Reserve Money

Reserve money refers to currency in circulation and deposits with commercial banks as well as bank deposits to the same. The decline in reserve money growth entails that the country is at the centre of lowering inflationary pressures.[1]

Background

The Reserve Bank of Zimbabwe (RBZ) said reserve money growth was well within the monetary policy committee (MPC)’s target of 15 percent in the first quarter of 2020, consistent with an average monthly inflation rise of 5 percent. The bank keeps the growth levels of reserve money within thresholds consistent with the monetary targeting framework, designed to fight inflation and exchange rate pressures.

There are different forms of money supply — reserve money, narrow money, broad money etc. But the most important indicator of all these is reserve money. It is also called as high powered money, base money and central bank money. All these names suggest that reserve money represents the base level for money supply or it is the high powered component of money supply. Other forms of money like broad money depend upon the volume of reserve money. Since it is mostly currency in circulation with the people, reserve money decides the level of liquidity and price level in the economy.[2]

The prognosis to maintain a tight monetary stance targeting reserve money growth not exceeding 15 percent by the end of 2020 is aimed at improving exchange rate stability as well as taming inflationary pressures, which are often linked to growth in money supply. In 2019, RBZ attributed the growth in money supply to subsidies on fuel, electricity, grain and Government expenditure.

Targeted Growth in the 2019 Budget

The Reserve Bank initially targeted reserve money growth of between 8 and 10% in 2019 to anchor inflation expectations and support the mono currency. However, reserve money increased by 103.3% from a stock of ZWL$3.2 billion in March 2019 to ZWL$6.4 billion, as at 31 August 2019. The increase was largely attributable to growth of credit to Government.[3]

Trends in RBZ Reserve Money

In January 2020, Zimbabwe’s reserve money stood at ZWL$9.251bn and grew to ZWL$16.662bn on July 20 before coming down to ZWL$12.117bn on 28 August 2020, after the introduction of the Foreign Exchange Auction System. In September 2020, it had peaked again to reach ZWL$13.153bn, meaning it was likely to increase inflationary pressures.[4]

Reserve money increased by $2,2 billion to $17,6 billion for the week ending October 16, 2020, reflecting a rise in banking sector deposits at the Reserve Bank of Zimbabwe (RBZ), as the Government paid its workers.

This stock of money pertains to funds banks are allowed to hold at any given moment, which are readily available for purposes of lending or availing to clients and borrowers without negatively affecting the economy. The central bank has been keeping a hawk’s eye on liquidity, as it maintains a stranglehold on money rapid supply growth, which can upset the macro-economic stability brought about by exchange rate stability.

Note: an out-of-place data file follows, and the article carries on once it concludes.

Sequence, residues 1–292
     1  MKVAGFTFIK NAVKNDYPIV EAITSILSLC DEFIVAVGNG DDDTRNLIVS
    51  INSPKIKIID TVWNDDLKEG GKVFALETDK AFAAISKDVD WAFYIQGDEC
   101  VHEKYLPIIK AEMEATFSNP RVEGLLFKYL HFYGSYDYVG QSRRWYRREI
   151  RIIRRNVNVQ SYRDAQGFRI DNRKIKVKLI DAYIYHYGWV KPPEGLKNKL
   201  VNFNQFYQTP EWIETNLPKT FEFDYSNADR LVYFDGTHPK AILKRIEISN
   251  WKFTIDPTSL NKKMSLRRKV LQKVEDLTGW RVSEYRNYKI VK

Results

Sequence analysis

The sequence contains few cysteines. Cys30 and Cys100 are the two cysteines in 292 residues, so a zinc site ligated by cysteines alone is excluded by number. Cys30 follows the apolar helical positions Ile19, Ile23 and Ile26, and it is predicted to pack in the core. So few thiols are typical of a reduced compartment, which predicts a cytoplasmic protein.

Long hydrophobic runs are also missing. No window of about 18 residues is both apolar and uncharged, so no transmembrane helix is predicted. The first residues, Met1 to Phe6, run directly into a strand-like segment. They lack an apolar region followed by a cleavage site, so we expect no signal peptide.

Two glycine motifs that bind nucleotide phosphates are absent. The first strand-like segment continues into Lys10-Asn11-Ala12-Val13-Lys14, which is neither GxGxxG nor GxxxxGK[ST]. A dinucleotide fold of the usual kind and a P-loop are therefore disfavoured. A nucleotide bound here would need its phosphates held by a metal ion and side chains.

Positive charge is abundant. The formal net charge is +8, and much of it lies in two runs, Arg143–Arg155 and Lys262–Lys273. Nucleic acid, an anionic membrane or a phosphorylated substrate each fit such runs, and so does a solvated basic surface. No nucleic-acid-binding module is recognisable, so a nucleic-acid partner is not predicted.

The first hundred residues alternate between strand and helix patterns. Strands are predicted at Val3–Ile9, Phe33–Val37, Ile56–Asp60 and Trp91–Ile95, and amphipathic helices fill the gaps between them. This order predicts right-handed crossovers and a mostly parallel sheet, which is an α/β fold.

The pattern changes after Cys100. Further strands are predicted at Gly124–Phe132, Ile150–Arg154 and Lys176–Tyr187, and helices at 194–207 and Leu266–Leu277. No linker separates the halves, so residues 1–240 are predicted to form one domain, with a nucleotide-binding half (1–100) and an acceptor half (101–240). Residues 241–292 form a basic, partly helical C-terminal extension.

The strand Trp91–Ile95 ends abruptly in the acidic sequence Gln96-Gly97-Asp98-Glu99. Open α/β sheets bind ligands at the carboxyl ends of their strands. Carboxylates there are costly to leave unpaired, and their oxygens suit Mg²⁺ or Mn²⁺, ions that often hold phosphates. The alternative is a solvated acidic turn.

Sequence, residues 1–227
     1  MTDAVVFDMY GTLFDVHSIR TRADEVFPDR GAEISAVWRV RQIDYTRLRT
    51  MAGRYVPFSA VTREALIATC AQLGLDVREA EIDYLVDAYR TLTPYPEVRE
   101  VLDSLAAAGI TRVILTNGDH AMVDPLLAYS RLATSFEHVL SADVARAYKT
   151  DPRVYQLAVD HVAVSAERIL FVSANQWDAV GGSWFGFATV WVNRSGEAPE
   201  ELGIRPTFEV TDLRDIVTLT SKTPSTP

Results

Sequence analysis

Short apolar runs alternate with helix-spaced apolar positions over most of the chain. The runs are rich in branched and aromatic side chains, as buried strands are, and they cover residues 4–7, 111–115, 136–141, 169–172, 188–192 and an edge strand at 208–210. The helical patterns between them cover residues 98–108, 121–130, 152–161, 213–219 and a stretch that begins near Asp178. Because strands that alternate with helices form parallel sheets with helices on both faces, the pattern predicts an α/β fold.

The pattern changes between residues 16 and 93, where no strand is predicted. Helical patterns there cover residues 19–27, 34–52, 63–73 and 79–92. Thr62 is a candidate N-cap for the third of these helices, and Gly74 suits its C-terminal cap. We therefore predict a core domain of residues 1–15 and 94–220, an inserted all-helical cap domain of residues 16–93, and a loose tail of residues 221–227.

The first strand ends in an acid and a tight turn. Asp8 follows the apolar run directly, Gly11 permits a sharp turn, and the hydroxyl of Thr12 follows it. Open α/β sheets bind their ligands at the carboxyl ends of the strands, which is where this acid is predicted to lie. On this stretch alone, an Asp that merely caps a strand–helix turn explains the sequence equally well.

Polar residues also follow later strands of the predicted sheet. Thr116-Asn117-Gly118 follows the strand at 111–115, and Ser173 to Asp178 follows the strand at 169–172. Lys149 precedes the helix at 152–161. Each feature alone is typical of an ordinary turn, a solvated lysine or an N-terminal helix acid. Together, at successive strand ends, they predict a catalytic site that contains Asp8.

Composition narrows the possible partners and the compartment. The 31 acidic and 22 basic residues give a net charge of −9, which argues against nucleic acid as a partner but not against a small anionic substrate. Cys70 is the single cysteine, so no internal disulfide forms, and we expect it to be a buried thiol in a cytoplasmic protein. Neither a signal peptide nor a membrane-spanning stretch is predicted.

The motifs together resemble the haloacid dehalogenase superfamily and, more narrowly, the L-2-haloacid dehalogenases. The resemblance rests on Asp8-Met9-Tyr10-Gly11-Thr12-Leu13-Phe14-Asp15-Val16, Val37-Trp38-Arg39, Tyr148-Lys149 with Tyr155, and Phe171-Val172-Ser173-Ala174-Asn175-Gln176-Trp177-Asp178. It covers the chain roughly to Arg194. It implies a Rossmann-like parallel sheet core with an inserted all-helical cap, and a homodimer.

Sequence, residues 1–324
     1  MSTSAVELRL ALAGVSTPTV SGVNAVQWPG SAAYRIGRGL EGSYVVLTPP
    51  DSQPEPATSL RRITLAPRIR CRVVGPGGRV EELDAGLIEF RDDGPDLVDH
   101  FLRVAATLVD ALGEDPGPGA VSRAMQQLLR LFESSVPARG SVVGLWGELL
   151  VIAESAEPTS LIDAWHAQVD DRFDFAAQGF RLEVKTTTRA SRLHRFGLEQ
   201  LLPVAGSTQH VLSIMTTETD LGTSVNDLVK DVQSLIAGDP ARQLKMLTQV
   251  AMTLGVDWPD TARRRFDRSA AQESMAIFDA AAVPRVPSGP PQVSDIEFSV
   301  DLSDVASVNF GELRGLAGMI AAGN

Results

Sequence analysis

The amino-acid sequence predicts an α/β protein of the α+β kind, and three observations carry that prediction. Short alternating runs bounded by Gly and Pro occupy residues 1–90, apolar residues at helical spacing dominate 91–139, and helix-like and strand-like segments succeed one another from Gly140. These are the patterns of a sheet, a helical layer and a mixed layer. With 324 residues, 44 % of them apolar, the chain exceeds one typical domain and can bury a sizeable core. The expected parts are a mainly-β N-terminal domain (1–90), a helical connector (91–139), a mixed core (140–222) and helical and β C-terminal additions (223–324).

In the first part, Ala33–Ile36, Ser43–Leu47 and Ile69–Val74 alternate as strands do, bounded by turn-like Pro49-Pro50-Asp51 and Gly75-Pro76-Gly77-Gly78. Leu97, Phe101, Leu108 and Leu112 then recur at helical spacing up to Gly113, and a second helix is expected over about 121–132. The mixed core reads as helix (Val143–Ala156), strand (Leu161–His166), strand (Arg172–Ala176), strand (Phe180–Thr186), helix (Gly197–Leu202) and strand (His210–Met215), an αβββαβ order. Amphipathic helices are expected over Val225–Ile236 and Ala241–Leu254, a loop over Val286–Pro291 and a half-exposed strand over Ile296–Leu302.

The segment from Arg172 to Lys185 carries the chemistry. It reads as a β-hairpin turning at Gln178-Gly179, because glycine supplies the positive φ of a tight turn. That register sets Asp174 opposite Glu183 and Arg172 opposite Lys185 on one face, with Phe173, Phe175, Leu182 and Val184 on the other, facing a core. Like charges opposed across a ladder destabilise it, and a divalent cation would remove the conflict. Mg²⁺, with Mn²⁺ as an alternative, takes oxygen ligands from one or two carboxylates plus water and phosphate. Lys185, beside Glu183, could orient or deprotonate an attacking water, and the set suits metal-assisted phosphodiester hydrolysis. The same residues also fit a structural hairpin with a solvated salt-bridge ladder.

Banks are subject to requirements on the amount of cash reserves they must hold, as mandated by the central bank in order to maintain equilibrium between the needs of the economy and what banks can provide. According to the latest reserve money update from the central bank for October 2020, the stock of reserve money rose $2,1 billion while banks’ statutory reserves surged by a marginal $0,1 billion during the period under review.

A reduction in Government deposits at RBZ represents an injection of liquidity in the banking sector whilst an increase of deposits represents withdrawal of money from the banks, the central bank explained. The balance of $700 million increase in reserve money was due to the purchase of foreign exchange by the RBZ through banks for purposes of funding the Foreign Exchange Auction System introduced in June 2020.

Purchases of foreign currency by the central bank increase the amount of liquidity in the market, whilst the sale of foreign currency by the monetary authorities has the effect of withdrawing liquidity from the market. To ensure an economy remains healthy, the central bank regulate the amount of money in circulation. Influencing interest rates, printing money, and setting bank Reserve Requirement are some of the tools the central bank use to control money supply.

As a rule, the central bank mandate banking institutions to keep a certain amount of funds in reserve (stored in vaults or at the central bank) against the amount of deposits in their clients’ accounts. Thus, a certain amount of money is always kept back and never circulates. The stability in the exchange rate has also permeated into prices and inflation, with the latter remaining largely unchanged over the last two to three months while inflation has slowed down. Before the auction system and measures to keep liquidity on a tight leash were introduced. Zimbabwe experienced rapid increases in inflation, as businesses tracked constant changes in parallel market exchange rate, to which all prices were referenced.[5]



References

  1. Oliver Kazunga, [1], The Sunday News, Published: 11 October, 2020, Accessed: 29 October, 2020
  2. [2], Herald, Published: 29 June, 2020, Accessed: 29 October, 2020
  3. [3], Bulawayo 24 News, Accessed: 29 October, 2020
  4. [4], Business Times, Published: 14 September, 2020, Accessed: 29 October, 2020
  5. [5], The Herald, Published: 29 October, 2020, Accessed: 29 October, 2020